Fast forward a few years and the enigmatic chanteur is back, on the cusp of releasing his fourth solo album. Milne’s songwriting has reached a commanding new level of skill and control in the years following Chant Darling; 2012’s The Sparrow was a sparse, dark affair stripped back its essentials – stark imagery and unflappable hooks. Following The Sparrow came the birth of Milne’s first child, meaning that the songs to follow were written amid ‘hazy post-partum exhaustion,’ in Milne’s own words. ‘It wasn’t a time for self-indulgence or misery. Even the tiniest free moment of reflection felt like a blessing.’

The result is Arabia’s strongest yet – aptly named Absolute Truth.

The album’s debut single A Lake is at once personal and abstract; its haunting melody ushered gracefully along by a 1960s groove and four-on-the-floor stomps.The Line Of Best Fit described it as ‘a confident, assured sound and the overall feeling that he’s finally happened upon the sound that works for him… with tracks as strong as this, there’s every chance that Lawrence Arabia’s new album will give him the worldwide recognition his music deserves’.

Joining Lawrence Arabia is Manchester’s own Songs For Walter – aka Laurie Hulme. Signed to Red Deer Club, he lists The Magnetic Fields, Bill Callahan and Destroyer among his influences, and has been described by Tom Ravenscroft as ‘one of my favourite discoveries of recent years’.

Following the release of his debut album to glowing reviews earlier this year, Songs For Walter warms up for his European tour with this intimate show.

Completing this excellent line-up are Oh Well, Goodbye. Hailing from Liverpool, Oh Well, Goodbye quietly crept into the UK scene with debut cassette release BG092 through US label Bleeding Gold Records. Beginning as a solo project during down time of his ‘day job’ band People//Talk, Philip Rourke (founder of EDILS records/booking) quickly assembled like-minded musicians and played a scattering of shows in London and northern England, as well as a five-date tour of France in late 2015.

Oh Well, Goodbye will be releasing three new EPs before the end of 2017.

Buy tickets now. Tickets are available from Common (no booking fee), Piccadilly Records, Vinyl Exchange, Billetto.co.ukWeGotTickets.comTicketline.co.uk and on 0871 220 0260.

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When: 7pm on Friday 30 September 2016
Where: The Deaf Institute, 135 Grosvenor Street, Manchester M1 7HE

We’re delighted to be working with Ultimate Painting again – this time, at the Deaf Institute!

Ultimate-Painting-Deaf-Institute-Manchester

Dusk is the third album from London-based duo Ultimate Painting, a 10-song set that expands the group’s sound from their self-titled debut and their critically acclaimed sophomore effort Green Lanes, about whose tunes Pitchfork raved their ‘deceptively simple interplay slowly worms into your synapses.’ Dusk heads along the same path, albeit in a slightly different direction, forging to new territory by heading inward.

Most groups would kill to have one talented songwriter in their ranks, but Ultimate Painting are lucky enough to be comprised of two singular voices in Jack Cooper and James Hoare. The pair’s distinctive songwriting styles began to blur a bit with Green Lanes, but on Dusk it’s hard to tell where Cooper ends and Hoare begins. Their tunes weave in and out of each other like the duo’s respective six-strings, spiralling around each other in a laconic dance. Album opener Bills dives head-first into a crystalline pool of jangle, furthering the duo’s rep as purveyors of the Verlaine/Lloyd legacy, but despite the evident influence of American guitar pop both past and present, the group’s recorded an album that feels decidedly English, with Cooper’s abstract poeticism balanced perfectly alongside Hoare’s alluring and universal pop leanings. The group’s discovered a simple lushness in Dusk’s arrangements, sometimes only with subtle additions like Hoare’s recently acquired Wurlitzer piano that drives tunes like Lead The Way or washes underneath others like Monday Morning, Somewhere Central. They’ve tapped into the subtle grace that infects the mood and emotions experienced at times like sunrise and dusk. Hopefulness. Resignation. Ennui. A breathing in. A breathing out.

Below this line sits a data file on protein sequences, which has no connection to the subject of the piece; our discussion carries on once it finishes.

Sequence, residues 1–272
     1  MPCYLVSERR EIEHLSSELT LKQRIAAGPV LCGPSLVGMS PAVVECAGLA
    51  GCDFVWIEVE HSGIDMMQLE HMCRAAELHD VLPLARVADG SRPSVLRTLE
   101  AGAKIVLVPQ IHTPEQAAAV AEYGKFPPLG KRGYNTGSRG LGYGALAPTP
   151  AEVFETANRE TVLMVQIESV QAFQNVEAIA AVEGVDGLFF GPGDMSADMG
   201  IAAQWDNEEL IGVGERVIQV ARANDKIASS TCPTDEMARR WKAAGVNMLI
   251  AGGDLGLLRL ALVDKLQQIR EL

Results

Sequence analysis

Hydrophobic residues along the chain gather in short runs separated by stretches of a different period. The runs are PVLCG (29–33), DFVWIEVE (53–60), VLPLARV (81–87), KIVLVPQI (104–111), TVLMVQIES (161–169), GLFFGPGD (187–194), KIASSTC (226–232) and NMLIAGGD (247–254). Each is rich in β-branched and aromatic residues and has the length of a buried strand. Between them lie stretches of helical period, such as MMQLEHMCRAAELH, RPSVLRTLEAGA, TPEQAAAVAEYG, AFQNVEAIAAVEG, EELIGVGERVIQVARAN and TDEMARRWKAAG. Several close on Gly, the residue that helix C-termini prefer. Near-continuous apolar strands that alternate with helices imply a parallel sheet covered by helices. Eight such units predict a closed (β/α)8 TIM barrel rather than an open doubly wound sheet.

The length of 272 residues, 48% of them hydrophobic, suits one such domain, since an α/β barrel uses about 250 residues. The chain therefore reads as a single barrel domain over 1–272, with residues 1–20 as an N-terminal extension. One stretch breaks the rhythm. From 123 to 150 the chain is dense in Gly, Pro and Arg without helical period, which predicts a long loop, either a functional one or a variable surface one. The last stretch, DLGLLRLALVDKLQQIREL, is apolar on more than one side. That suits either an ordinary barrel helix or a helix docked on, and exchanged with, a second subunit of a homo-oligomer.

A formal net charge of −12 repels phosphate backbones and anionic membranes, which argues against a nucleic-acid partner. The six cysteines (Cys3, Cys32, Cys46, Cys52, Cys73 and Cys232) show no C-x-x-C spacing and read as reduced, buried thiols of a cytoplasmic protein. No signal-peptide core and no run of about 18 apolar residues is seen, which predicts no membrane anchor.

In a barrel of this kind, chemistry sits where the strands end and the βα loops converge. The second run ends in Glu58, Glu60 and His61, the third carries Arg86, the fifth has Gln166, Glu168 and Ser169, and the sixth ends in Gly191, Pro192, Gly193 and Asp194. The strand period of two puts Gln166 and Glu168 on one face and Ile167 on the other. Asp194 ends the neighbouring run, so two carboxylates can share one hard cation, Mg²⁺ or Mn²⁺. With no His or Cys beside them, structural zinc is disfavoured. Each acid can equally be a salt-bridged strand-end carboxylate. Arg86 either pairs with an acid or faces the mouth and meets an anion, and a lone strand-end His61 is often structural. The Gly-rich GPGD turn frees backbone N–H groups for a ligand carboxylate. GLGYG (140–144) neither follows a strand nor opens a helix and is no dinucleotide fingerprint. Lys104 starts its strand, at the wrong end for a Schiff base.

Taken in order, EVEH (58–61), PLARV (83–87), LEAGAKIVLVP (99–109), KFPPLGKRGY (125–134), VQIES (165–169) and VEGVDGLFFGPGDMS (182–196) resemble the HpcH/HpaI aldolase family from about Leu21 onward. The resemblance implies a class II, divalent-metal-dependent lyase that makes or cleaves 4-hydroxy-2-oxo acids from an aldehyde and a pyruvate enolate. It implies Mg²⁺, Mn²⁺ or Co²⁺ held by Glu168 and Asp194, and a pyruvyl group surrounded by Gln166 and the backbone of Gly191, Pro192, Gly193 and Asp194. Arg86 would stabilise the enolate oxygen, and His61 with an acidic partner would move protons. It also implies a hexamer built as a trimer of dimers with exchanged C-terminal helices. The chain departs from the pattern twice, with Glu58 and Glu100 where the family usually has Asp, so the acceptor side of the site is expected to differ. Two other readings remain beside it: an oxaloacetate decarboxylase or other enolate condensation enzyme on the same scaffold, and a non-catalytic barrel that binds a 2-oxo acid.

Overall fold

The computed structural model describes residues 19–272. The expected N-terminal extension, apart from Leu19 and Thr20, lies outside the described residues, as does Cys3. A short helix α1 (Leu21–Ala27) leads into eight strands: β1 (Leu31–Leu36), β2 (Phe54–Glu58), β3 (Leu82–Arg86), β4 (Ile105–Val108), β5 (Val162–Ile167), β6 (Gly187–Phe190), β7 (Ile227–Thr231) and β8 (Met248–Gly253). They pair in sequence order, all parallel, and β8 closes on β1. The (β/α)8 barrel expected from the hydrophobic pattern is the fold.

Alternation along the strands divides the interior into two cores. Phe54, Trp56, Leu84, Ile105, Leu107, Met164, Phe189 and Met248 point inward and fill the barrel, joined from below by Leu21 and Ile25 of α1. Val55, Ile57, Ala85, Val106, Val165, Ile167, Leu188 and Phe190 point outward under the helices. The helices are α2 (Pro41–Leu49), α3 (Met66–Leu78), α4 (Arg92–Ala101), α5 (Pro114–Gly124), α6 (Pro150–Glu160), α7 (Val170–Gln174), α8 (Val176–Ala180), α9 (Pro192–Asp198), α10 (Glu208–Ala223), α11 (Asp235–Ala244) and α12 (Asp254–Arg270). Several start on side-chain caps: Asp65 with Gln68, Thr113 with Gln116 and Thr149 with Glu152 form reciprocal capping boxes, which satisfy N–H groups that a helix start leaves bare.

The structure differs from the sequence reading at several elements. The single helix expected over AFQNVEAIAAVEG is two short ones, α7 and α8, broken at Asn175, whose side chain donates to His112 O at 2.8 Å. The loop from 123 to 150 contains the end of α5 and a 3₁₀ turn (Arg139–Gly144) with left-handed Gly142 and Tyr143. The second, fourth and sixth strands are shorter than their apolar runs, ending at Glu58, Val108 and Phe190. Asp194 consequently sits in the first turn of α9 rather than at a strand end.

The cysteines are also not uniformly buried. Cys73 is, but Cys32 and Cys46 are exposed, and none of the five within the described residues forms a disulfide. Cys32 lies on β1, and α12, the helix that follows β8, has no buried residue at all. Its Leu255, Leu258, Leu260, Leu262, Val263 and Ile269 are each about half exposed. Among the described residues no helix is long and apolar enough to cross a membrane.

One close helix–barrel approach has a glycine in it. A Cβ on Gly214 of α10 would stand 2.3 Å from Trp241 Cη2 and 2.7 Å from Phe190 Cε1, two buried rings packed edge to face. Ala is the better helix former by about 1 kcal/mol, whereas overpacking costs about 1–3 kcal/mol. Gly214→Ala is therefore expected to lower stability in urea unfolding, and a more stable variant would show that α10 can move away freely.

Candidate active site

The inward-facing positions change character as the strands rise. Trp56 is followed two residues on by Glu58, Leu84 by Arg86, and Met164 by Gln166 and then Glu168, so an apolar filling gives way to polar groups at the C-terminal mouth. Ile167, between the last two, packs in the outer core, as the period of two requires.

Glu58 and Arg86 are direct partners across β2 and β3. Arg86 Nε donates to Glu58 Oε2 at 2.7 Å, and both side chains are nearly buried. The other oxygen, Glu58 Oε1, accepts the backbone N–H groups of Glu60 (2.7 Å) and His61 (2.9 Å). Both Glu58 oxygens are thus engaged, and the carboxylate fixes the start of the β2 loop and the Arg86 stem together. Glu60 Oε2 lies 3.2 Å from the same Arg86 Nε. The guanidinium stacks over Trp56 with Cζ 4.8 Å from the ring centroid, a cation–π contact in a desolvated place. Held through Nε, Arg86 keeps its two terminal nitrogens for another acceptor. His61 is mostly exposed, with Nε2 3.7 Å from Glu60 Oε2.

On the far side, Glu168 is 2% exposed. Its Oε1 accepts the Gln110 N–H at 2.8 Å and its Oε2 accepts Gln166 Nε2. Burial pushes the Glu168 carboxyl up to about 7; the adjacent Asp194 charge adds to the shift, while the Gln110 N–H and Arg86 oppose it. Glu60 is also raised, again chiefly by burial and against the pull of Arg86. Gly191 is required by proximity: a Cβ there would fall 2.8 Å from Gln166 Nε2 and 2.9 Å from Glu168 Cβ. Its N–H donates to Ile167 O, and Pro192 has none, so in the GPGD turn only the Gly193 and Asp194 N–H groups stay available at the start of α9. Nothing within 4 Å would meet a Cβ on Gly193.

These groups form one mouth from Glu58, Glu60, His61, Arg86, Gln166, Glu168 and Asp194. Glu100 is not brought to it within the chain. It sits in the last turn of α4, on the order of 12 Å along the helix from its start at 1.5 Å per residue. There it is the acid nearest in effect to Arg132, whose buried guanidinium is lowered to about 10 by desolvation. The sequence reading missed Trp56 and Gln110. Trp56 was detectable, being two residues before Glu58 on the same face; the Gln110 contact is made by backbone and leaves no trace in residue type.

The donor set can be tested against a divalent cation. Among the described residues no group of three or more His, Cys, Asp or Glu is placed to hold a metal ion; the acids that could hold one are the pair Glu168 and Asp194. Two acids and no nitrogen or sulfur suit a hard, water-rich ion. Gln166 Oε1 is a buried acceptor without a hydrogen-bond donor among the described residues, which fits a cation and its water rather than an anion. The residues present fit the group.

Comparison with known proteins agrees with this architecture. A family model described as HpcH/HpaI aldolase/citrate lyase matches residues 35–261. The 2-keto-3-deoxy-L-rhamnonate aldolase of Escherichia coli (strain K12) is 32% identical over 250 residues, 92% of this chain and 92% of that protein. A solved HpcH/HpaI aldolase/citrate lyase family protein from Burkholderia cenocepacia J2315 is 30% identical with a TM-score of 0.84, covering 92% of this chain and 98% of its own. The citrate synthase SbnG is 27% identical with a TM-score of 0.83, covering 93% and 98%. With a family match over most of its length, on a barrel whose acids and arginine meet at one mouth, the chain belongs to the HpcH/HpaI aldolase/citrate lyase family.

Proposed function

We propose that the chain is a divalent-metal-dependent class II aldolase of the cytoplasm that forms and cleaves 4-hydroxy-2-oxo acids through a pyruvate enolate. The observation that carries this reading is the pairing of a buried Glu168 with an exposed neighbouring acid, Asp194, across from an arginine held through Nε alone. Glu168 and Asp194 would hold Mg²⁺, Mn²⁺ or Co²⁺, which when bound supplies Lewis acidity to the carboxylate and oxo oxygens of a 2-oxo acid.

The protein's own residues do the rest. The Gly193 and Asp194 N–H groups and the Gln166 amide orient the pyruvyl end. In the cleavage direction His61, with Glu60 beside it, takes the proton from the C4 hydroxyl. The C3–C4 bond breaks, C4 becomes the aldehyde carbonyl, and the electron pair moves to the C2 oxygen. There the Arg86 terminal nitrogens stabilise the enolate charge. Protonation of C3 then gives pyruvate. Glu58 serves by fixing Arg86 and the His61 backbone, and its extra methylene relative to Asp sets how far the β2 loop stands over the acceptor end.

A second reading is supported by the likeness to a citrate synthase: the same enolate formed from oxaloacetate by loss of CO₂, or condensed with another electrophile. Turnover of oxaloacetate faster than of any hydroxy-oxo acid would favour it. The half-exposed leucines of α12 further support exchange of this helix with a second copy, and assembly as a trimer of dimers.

Dusk was once again recorded to tape by guitarist James Hoare in his London flat. The casual setting allowed the sessions and songs to unfold naturally, with the two of them accompanied by recent live drummer Melissa Rigby, who drums on the entirety of Dusk. Her skills lend a rhythmic elasticity to songs like A Portrait of Jason and I Can’t Run Anymore, with jazzy undertones that break from the band’s previously unadorned 4/4 leanings. Dusk feels different and cements the group’s presence in the modern world guitar pop, finding voice in the allure of quietude.

Tour support comes from London quintet Leif Erikson. Named after the Icelandic explorer who beat Christopher Columbus to America, the band have drawn comparisons to The War On Drugs, Kurt Vile and Steely Dan.

This show is a co-promotion with Comfortable On A Tightrope.

Buy tickets now. Tickets are available from Common (no booking fee), Piccadilly Records, Vinyl Exchange, Billetto.co.ukWeGotTickets.comTicketline.co.uk and on 0871 220 0260.

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All shows are 18+ unless otherwise stated.